April #jammed: Grace Studies.
Day 100: Not clowning around.
“Mom, I hate clowns.” my daughter said.
“Yep, I feel the same way …but a harlequin is not a clown,” I explained, as she prepared to dance her first solo in that character.
“A harlequin is a classic comic pantomime character.” vocabulary.com
My deep thinker latched onto her character in no time, as we did a little homework and talked about how it relates to life on her level.
Today’s verse illuminates the wisdom between harlequin and clown. The difference between a meaningful expression of words and obnoxiously vented banter is huge.
“Don’t swear or spurt nonsense…” Swearing isn’t the end-all-be-all of bad behavior, nor is it the crown of good behavior for those who refrain. But let’s be honest. There’s nothing eloquent about it, and it’s reactional. The fact that it’s specifically addressed in the Bible leads me to believe it was a specific problem at the date of authorship, too.
“Don’t make harsh jokes or clown around,” isn’t instructing us to be boring drones who never crack up about how funny life really is. It’s the crude humor, and the type that’s spoken at the expense of others or in self-promotion, that God is directly addressing. Whether saying it on social media or to another person’s face, we are called to chose our words wisely.
The Bible is our main communication with God. Words. Living Words. Words applicable to current situations and past debacles, future conundrums, and ongoing complications. It’s life. The Living Word.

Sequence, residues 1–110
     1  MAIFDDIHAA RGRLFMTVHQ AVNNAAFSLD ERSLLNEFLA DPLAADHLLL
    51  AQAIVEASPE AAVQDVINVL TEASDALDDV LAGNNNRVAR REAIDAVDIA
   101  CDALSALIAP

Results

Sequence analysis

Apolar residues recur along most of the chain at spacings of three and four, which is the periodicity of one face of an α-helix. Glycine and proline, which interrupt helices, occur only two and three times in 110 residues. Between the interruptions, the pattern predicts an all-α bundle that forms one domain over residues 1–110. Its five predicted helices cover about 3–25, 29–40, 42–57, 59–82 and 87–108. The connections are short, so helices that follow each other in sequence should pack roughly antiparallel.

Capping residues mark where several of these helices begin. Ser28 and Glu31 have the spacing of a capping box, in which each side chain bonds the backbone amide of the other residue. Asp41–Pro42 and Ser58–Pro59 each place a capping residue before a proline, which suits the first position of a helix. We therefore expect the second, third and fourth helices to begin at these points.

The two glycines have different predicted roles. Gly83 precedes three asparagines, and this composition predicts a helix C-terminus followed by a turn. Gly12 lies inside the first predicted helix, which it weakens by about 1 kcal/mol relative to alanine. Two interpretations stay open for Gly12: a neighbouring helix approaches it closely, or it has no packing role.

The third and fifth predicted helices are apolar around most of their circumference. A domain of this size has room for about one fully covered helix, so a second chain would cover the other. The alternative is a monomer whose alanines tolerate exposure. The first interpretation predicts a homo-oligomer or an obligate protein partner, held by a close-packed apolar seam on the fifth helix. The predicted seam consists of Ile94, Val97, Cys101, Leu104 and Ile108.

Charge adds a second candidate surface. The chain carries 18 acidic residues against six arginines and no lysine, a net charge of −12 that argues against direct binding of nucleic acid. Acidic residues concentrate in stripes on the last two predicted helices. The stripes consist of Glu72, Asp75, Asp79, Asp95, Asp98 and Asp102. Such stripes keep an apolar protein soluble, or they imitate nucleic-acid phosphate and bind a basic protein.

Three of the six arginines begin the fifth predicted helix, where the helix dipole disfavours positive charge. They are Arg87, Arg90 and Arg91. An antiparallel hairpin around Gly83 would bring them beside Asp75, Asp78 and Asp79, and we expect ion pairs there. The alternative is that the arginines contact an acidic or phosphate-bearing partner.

Perfection isn’t the goal, but good sense is. And for those entrusted with little lives, be careful not to reep more than they can sow. The formative memories of children don’t “need” explicative exposure more than kindness and compassion. Discipline doesn’t have to be destructive to be firm and effective.
Love is written all over the pages of the Bible, but God is very clear in how He expects us to uphold ourselves. Jesus didn’t need explicative to get His point across. The cross is the biggest exclamation point in history.
Father, Praise You for humor. It’s one of my favorite things about You, and I love to laugh with You. Thank You for making life lighthearted, from the pages of Genesis to the Parables of Jesus, Your funny bone sticks out. Forgive us for taking humor into our own hands, and handing it over to serve dark purposes. Bless us to enjoy a laugh as a laugh, and not at another’s expense. In Jesus’ Name, Amen.
Get the conversation started by commenting below, and let’s encourage one another as we face life in 2017 armed with grace!
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